(This article originally appeared in the October issue of Internet Telephony magazine.)
The 3GPP’s IP Multimedia Subsystem (IMS) is the ultimate next-generation network with which others (CableLab’s PacketCable, ETSI’s (News - Alert) TISPAN and 3GPP2’s MMD) have decided to align. But it’s complex and expensive, and thus delayed.
An IMS network can guarantee bandwidth, latency and other Quality of Service (QoS) parameters on a per-session basis. This not only guarantees service quality but allows operators to charge different prices for different services. However, all communication between endpoints must be established by centralized network servers, so an IMS network has the complexity of the traditional telephone network and then some. As a result, it’s taken years to develop the standards, they are still evolving, and mobile operators are still searching for the killer application that justifies the expense.
Meanwhile, fixed-line VoIP networks continue to spread as they save money today without the complexity of IMS. There are a few dozen IMS networks in existence, but they are partial implementations and most are trials. In each case, IMS is being deployed to support a new service with new revenues, e.g., Push-to-talk over Cellular (PoC), Fixed-Mobile Convergence (News - Alert) (FMC) or video sharing, not traditional mobile voice services.
Circuits-over-Packets for Mobile Cost Savings
Mobile operators save money when all services share a single packet-based core network, so existing operators are migrating to IP. More to the point, new networks in rapidly growing markets like China, India and Africa are beginning to use packet-based backbones to interconnect conventional mobile switches and even radio base stations. But these networks are not using SIP or IMS for voice services — they are using circuits-over-IP.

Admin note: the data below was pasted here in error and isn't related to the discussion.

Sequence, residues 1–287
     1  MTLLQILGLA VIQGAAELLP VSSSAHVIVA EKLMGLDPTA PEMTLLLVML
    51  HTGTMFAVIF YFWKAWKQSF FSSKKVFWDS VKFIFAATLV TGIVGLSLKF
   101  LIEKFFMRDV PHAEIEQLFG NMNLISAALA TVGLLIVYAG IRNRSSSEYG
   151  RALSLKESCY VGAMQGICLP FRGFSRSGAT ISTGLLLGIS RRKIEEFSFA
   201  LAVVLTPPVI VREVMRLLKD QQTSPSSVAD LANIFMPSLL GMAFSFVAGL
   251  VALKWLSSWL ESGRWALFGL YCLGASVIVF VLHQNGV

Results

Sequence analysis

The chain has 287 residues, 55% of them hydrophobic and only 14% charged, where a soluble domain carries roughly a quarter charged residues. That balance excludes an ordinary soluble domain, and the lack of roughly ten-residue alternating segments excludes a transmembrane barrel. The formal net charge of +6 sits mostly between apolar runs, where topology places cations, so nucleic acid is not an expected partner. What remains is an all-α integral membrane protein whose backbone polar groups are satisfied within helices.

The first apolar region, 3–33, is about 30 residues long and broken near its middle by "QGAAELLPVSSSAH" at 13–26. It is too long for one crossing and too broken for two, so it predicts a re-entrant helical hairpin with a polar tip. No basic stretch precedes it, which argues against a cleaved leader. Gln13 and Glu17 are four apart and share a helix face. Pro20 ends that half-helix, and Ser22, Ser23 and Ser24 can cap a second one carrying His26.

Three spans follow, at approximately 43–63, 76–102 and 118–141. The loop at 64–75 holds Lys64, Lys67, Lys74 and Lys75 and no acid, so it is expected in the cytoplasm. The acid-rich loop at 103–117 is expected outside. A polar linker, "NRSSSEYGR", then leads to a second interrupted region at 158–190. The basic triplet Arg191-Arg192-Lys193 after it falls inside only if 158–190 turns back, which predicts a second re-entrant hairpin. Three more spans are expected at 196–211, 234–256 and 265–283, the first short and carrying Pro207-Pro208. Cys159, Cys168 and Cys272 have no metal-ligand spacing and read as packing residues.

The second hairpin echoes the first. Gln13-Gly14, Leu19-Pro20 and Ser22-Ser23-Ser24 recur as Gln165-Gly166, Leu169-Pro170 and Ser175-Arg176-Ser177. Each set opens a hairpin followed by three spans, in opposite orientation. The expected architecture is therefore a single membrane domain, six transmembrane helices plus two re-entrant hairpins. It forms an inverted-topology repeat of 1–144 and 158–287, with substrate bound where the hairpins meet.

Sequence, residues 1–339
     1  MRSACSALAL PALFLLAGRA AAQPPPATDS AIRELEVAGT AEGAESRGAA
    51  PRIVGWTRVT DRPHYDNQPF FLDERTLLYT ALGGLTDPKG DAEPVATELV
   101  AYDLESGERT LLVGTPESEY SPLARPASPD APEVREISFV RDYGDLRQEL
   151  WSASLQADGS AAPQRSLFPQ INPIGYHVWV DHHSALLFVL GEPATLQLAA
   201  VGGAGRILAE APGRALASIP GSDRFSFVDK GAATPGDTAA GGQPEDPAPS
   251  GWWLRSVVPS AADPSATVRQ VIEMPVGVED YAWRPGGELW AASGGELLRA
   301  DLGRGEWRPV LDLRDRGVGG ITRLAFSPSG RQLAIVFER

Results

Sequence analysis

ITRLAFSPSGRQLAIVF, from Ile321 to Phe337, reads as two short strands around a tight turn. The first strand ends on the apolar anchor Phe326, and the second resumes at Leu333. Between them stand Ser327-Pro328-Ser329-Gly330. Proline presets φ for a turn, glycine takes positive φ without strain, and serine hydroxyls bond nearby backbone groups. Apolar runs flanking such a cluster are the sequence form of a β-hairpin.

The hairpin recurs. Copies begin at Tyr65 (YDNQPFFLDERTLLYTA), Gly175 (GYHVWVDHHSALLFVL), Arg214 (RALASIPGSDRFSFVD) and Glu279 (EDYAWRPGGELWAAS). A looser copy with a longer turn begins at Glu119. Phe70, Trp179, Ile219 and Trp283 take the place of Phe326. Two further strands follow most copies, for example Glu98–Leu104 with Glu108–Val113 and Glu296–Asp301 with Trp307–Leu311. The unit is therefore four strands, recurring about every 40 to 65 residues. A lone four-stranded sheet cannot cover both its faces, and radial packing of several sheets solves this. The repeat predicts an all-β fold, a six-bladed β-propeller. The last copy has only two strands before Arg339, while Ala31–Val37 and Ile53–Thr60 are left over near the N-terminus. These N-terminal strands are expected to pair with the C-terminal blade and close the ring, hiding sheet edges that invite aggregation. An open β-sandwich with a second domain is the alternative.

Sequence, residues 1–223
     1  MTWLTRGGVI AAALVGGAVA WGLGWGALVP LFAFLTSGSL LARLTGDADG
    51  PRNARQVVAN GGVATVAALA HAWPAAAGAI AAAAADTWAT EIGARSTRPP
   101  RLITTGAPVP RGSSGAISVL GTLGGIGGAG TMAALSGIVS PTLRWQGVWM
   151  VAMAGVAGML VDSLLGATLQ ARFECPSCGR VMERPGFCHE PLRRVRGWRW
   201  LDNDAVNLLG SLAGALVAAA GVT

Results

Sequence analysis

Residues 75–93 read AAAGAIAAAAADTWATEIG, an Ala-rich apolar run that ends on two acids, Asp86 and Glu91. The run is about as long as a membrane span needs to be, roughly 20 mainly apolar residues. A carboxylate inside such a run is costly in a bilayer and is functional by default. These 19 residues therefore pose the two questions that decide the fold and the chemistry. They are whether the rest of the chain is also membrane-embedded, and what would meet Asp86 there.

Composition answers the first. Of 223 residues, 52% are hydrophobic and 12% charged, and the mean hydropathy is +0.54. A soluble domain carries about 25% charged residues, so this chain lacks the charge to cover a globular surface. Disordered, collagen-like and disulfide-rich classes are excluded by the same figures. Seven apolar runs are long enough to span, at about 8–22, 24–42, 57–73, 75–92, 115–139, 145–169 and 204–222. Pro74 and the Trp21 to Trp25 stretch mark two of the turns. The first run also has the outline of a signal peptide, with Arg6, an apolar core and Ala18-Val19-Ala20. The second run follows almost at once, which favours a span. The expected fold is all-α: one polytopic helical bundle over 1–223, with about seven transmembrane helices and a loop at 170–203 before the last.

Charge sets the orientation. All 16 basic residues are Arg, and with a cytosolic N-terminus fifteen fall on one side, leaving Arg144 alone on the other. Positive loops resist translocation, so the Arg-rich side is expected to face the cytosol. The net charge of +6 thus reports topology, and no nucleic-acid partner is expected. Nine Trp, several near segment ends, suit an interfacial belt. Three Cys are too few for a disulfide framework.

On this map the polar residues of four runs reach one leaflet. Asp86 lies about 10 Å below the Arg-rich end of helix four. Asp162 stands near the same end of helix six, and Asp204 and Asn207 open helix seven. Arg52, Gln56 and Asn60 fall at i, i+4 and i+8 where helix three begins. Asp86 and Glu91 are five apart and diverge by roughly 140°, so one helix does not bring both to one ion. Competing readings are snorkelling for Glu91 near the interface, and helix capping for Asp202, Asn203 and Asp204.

Circuits-over-IP preserves conventional SS7-based mobile signaling but sends it using SIGTRAN protocols over an IP-MPLS backbone while a softswitch controls voice circuits over the same IP-MPLS backbone. Traditional signaling protocols remain, so roaming and handoffs work as always and subscriber management is untouched. Most important, there is no need to install IMS/SIP software on consumer handsets, so billions of existing handsets continue to work.
Service platforms look a little different. SS7 messages go over SCTP/IP rather than MTP & TDM and voice goes over RTP/UDP (News - Alert)/IP rather than TDM, but nothing fundamental changes. It’s the PSTN-over-IP or more properly, a PLMN (Public Land Mobile Network) over IP.
Long-Term Prospects for IMS
Because IMS is complex and equipment volumes are still small, IMS lacks the cost savings for mobile voice telephony that the circuits-over-packets approach provides. Operators continue to see IMS as their long-term solution, but they only invest to save money or to support new applications with new revenues. Thus we have a classic chicken-and-egg problem that will only be solved in increments over many years.
Brough Turner (News - Alert), co-founder and CTO of NMS Communications, writes the Next Wave Redux column for TMCnet. To read more of Brough’s articles, please visit his columnist page.
Edited by Greg Galitzine